Burges Salmon LLP - UK
The UK Intellectual Property Office (UKIPO) decision highlights the decisive role played by the notional average consumer and their perception of the marks in the assessment of similarity.
Adele Savage applied to register the word mark PRETTY SAVAGE in the United Kingdom in connection with various soaps, shampoos and bath preparations in Class 3, as well as soap holders and soap dishes in Class 21. Dior opposed the application, relying on its earlier EU designation of International Trademark Registration 1218251 SAUVAGE in Class 3, claiming a likelihood of confusion, unfair advantage or detriment to the reputation and distinctive character of its earlier mark and passing off.
Savage refuted Dior’s assertions in full, claiming that the marks were sufficiently different to avoid confusion or a link between the two, or any misrepresentation being made.
Likelihood of confusion – Section 5(2)(b) of the Trademarks Act 1994
The hearing officer found the goods at issue in Class 3 to be identical and similar, but was not persuaded that Savage’s Class 21 goods were similar. Although the hearing officer acknowledged that soap was centrally important to the use of a soap dish, the fact that the goods were used or sold together was not sufficient for a finding of similarity. Accordingly, the hearing officer found it unlikely that consumers would believe that soap and soap dishes would come from the same or economically linked undertakings and there was nothing in the evidence to dissuade the hearing officer to the contrary.
Despite Dior’s submissions that the ‘pretty’ element in Savage’s mark operated as a qualifier and was non-distinctive, and that UK consumers would understand the French word ‘sauvage’ as having the same meaning as ‘savage’, the hearing officer found the marks to have a low-to-medium degree of similarity overall. He also conceded that the first word of Savage’s mark described the second, but found that each element made a roughly equal contribution to the overall impression of the mark as a whole, forming a phrase, with neither word standing out more than the other. Moreover, he was not persuaded that a UK consumer would have sufficient understanding of the French language to reliably translate Dior’s mark into English, finding the conceptual similarity between the marks to be low.
Taking these factors into account, alongside the medium/average level of attention of the average consumer (although higher for perfumery products), the nature of the purchasing process and the inherent distinctive character of Dior’s mark (including a degree of enhanced distinctiveness), the hearing officer found the differences between the marks (namely, two English words versus a single non-English word; the additional elements (ie, ‘pretty’); and the additional letter ‘U’ in Dior’s mark) to be such that, despite the identity and similarity of the goods in Class 3, there was no likelihood that the average consumer would mistake one mark for another, nor was there likely to be any indirect confusion. Dior’s opposition under Section 5(2)(b) therefore failed.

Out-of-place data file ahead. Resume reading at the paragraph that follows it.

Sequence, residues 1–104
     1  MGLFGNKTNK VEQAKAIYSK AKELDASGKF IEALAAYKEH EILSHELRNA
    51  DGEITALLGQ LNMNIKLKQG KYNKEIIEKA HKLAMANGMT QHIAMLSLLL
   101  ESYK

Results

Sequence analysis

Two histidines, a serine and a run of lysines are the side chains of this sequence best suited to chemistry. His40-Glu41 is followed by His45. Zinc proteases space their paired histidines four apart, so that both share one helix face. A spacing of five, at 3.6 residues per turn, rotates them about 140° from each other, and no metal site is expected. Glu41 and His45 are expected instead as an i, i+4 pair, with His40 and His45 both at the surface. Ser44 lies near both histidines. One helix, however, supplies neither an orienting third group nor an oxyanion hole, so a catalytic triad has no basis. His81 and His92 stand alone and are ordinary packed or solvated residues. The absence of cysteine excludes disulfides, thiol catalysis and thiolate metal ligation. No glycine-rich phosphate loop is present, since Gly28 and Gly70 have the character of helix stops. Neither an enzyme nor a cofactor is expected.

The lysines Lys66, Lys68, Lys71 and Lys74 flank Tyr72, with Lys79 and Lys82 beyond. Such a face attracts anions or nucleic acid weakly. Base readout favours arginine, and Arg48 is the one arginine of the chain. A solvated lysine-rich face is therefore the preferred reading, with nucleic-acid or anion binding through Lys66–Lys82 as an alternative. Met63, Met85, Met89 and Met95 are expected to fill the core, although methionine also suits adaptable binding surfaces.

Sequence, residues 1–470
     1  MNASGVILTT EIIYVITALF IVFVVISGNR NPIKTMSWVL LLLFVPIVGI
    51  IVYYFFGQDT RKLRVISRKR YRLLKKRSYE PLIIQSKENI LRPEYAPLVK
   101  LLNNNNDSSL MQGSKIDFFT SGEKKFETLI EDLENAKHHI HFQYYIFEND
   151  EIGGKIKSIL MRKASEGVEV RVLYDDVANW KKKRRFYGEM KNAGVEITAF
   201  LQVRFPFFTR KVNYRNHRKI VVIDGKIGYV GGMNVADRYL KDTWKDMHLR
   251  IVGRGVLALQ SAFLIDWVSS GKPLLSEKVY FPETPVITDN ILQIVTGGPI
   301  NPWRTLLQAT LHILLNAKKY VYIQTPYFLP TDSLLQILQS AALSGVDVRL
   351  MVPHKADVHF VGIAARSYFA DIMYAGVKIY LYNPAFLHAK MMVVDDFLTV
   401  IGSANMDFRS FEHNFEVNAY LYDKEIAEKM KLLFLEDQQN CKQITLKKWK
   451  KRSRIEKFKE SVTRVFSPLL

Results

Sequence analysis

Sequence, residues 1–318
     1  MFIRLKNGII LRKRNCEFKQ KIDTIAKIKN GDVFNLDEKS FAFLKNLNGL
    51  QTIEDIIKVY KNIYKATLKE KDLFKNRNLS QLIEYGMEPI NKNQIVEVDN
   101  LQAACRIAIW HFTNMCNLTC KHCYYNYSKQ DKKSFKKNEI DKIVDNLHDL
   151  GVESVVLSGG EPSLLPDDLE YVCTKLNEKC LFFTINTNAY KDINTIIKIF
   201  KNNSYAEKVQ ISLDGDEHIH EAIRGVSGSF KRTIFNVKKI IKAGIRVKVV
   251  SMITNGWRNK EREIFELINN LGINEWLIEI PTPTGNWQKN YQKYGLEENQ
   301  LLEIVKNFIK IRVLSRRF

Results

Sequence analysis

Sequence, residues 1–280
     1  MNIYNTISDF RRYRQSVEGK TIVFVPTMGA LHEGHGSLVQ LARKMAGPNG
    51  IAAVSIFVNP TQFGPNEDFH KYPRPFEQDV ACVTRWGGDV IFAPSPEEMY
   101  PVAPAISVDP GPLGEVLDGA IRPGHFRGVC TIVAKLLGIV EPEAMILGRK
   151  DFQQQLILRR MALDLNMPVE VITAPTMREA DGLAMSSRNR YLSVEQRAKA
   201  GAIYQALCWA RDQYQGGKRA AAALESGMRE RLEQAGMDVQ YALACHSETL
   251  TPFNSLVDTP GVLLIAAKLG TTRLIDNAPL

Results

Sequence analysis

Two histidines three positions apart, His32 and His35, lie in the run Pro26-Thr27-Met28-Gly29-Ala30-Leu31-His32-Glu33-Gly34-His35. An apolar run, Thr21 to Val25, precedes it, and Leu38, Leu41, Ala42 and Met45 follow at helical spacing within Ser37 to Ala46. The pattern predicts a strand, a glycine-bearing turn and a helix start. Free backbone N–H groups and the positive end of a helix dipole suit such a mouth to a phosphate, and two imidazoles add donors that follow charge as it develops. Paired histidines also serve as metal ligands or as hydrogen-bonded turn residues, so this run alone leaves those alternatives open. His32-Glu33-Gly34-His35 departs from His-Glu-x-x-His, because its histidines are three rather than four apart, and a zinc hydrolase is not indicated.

Reputation – Section 5(3) of the Trademarks Act 1994
Dior successfully adduced evidence to support its claim to a reputation, at least in respect of men’s fragrance products. While this reputation was not directly attributable to Savage’s goods, there could a measure of spillover reputation for perfumed toiletry products.
Nevertheless, the hearing officer did not consider the overall impression of the marks to be sufficiently similar that on encountering PRETTY SAVAGE in relation to the applied-for goods Dior’s mark would be called to mind, even fleetingly.
The absence of the necessary link meant that the applied-for mark gave rise to no serious likelihood of any of the claimed damage or detriment, and the Section 5(3) claim failed.
Passing off – Section 5(4) of the Trademarks Act 1994
The evidence adduced by Dior was found to establish actionable goodwill (at least) in relation to fragrances, perfumes, eau de toilette, body spray, aftershave lotion, aftershave balm, shower gel and deodorants. However, in order to establish passing off, it must be found that the public would be deceived. Again, the hearing officer did not consider the marks to be sufficiently similar in this respect.
Dior’s opposition therefore failed on all counts and the UKIPO has accepted the mark for registration. Dior has the opportunity to appeal. However, any appeal would be limited to the hearing officer’s decision on the grounds of a distinct and material error of principle in the first instance, or that the hearing officer was clearly wrong. It does not give Dior the opportunity to have its case re-heard.
The determinative factor in the hearing officer’s decision was the perception and level of attention paid by the notional average consumer of the goods. Ultimately, the hearing officer found that the differences between the marks made it unlikely that the marks would be mistaken for each other or even called to mind by the average consumer.
The case highlights the important role played by the notional average consumer in registry proceedings and the role that evidence of consumer perception can play in supporting written assertions as to the consumer’s perception of the similarity of marks and goods, particularly in cases where the goods in question are complementary.